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  1. #1

    Default Discretionary Trust Advice?


    Yep - I know - go talk to a lawyer... can't afford one... So I figured MacTalk was my next best shot! :}

    My brother-in-law (wife's brother) is about to enter into a business partnership (without going into details, essentially he's setting up an industrial service in Asia), and is creating a Discretionary Trust that he would like (with our consent) to name his nephews (ie my kids) as beneficiaries. (It's not just for our kids - his own, and his other nephew as well) He says they won't have any obligations toward the Trust, but if he does "make it big", then he'll be able to share some of it with them.

    I've read a few things online, and can't see any obvious concerns... But nor do I really see the need for it...??? If he wants to share his wealth with my kids, surely he can do that if/when it happens without the need for them to be listed in a Trust...? Is there any obvious gain to him doing this (for either him, or my kids)?

    Appreciate any advice/experience you can offer.


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  2. #2


    Complex area, and if you can't afford a lawyer, just ask your BIL if you can sit in a meeting with his lawyer, so that you understand the implications of the structure for your children. Internet advice on this is about as valuable as the Internet DIYs on open heart surgery. 😱

  3. #3


    They are set up by lawyers but run and managed by accountants. We have a family trust where distributions from my wife's accounting firm come in as part of her salary. I say my wife's firm but she works there the owners run that trust. It means anything over $300 odd each and your kids start paying tax. It used to be higher but the tax laws changed, right around when we set ours up. He seems to be trying to spread his income around away from himself to lower his income, but any child getting more than $300odd will be liable for tax.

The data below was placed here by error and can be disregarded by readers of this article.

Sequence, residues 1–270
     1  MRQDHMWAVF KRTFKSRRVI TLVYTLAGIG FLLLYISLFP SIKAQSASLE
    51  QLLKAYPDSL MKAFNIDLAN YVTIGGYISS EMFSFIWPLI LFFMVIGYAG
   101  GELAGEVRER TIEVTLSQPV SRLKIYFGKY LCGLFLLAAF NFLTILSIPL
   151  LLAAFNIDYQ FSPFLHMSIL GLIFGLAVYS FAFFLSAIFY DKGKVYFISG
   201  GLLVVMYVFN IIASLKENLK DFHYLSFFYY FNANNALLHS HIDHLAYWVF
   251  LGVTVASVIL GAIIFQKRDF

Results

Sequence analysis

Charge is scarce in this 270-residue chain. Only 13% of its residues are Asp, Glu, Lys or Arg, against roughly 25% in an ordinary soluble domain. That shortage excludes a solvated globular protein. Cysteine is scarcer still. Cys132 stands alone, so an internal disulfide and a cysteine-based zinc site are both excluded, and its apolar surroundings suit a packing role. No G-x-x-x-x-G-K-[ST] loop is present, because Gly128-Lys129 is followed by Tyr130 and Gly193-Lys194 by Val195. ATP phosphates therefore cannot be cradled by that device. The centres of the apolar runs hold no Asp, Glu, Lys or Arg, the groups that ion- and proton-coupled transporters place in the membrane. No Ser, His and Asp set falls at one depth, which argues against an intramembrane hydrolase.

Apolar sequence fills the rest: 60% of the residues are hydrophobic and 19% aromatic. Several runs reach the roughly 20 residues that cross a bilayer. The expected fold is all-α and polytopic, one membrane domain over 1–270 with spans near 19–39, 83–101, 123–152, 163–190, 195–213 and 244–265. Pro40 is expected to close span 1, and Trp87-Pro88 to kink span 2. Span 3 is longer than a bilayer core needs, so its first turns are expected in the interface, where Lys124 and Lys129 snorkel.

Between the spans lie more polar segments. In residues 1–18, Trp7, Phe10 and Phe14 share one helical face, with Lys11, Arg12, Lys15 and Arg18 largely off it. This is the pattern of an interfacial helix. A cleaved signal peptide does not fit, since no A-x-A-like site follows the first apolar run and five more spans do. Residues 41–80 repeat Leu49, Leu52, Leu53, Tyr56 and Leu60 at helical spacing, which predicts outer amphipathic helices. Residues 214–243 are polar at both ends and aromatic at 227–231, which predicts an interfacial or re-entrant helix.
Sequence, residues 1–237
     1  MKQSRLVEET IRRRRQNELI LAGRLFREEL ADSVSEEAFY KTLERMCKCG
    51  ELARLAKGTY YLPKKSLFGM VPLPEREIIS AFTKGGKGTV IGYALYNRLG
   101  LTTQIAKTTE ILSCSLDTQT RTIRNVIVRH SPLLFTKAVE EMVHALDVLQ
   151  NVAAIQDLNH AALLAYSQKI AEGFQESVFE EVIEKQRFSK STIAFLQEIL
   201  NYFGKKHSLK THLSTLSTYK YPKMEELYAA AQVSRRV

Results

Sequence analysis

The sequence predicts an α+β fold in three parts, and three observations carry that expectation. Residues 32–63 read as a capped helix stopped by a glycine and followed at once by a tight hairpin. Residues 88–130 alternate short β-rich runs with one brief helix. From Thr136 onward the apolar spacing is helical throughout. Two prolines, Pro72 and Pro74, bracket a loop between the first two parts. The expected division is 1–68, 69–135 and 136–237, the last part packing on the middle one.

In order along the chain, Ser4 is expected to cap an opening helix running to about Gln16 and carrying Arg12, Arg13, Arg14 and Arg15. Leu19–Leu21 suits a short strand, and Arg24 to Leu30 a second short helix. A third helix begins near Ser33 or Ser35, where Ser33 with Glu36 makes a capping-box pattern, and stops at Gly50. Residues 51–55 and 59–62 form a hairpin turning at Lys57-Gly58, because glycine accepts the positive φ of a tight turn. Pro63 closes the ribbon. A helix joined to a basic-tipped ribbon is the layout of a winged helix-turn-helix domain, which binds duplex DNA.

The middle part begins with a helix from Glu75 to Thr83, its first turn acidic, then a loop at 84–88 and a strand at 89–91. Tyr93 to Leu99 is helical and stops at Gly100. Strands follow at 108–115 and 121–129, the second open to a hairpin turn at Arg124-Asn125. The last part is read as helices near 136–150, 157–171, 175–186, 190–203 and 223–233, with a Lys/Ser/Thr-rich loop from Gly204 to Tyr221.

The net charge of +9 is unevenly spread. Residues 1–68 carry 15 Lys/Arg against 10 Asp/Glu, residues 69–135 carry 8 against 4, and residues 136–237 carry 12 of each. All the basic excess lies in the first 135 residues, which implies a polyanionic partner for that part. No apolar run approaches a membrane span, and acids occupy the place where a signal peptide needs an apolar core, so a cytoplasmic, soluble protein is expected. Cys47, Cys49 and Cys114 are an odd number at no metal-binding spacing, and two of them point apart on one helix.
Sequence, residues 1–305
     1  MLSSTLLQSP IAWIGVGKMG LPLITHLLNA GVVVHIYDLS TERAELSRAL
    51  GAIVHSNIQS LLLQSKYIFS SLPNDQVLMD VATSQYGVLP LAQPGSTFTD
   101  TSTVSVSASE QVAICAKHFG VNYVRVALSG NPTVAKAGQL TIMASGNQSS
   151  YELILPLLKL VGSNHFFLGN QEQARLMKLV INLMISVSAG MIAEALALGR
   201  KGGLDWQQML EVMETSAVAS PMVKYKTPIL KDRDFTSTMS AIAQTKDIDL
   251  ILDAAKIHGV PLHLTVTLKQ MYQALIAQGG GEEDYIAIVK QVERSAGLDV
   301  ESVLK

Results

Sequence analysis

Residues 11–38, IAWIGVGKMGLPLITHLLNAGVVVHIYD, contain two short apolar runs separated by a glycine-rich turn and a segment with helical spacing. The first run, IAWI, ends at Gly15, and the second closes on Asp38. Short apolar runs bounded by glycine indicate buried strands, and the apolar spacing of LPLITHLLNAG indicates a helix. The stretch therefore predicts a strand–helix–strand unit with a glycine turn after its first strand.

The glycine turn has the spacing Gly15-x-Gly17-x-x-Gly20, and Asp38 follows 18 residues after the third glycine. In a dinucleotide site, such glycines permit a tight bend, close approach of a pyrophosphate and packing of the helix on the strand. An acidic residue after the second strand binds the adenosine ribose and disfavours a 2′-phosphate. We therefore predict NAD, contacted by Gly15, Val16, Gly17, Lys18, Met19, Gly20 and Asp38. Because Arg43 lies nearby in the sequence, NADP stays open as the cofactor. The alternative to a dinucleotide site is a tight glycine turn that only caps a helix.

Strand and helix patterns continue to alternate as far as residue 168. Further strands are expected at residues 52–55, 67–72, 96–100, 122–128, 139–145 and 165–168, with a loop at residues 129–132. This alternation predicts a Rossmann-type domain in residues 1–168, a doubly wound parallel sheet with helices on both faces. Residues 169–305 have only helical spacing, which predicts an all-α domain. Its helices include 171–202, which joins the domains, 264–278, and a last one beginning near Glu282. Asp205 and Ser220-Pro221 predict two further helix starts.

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  4. #4

    Join Date
    Feb 2008
    Melbourne, Victoria, Australia, Australia


    Beneficiaries of a trust don't have any obligations unless the trust actually pays out something to them. Think of the trust as a company and the beneficiaries as employees. If the trust doesn't pay the employees anything, they don't have to pay tax to the ATO.

    Its not uncommon to list beneficiaries right at the beginning. You can add them at a later stage, but most of the time, having them listed upfront reduces the costs of adding them later. The cost of making changes to trust is high so you want to try get everything right at the time.

    BTW, you don't need a lawyer, a good accountant should be able to provide you with advice on trusts. The lawyer is the one who does the work, sets up the constitution, but most of the time it's the accounting who is advising you about the distributions of funds.
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